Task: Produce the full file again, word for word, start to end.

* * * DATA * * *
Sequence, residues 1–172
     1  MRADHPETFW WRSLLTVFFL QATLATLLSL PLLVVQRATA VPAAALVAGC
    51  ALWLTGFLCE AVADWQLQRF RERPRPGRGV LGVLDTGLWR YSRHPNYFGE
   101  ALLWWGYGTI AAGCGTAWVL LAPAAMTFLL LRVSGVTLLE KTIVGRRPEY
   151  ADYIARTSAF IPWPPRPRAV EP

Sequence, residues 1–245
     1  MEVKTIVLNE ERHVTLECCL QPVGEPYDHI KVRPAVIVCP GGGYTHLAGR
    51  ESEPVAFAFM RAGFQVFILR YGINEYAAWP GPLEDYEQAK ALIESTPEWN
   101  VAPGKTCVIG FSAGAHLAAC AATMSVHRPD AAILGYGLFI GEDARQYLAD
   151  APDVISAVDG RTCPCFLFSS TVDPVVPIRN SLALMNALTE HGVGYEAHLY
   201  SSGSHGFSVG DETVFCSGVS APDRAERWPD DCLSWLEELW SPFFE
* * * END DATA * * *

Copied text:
Sequence, residues 1–172
     1  MRADHPETFW WRSLLTVFFL QATLATLLSL PLLVVQRATA VPAAALVAGC
    51  ALWLTGFLCE AVADWQLQRF RERPRPGRGV LGVLDTGLWR YSRHPNYFGE
   101  ALLWWGYGTI AAGCGTAWVL LAPAAMTFLL LRVSGVTLLE KTIVGRRPEY
   151  ADYIARTSAF IPWPPRPRAV EP

Sequence, residues 1–245
     1  MEVKTIVLNE ERHVTLECCL QPVGEPYDHI KVRPAVIVCP GGGYTHLAGR
    51  ESEPVAFAFM RAGFQVFILR YGINEYAAWP GPLEDYEQAK ALIESTPEWN
   101  VAPGKTCVIG FSAGAHLAAC AATMSVHRPD AAILGYGLFI GEDARQYLAD
   151  APDVISAVDG RTCPCFLFSS TVDPVVPIRN SLALMNALTE HGVGYEAHLY
   201  SSGSHGFSVG DETVFCSGVS APDRAERWPD DCLSWLEELW SPFFE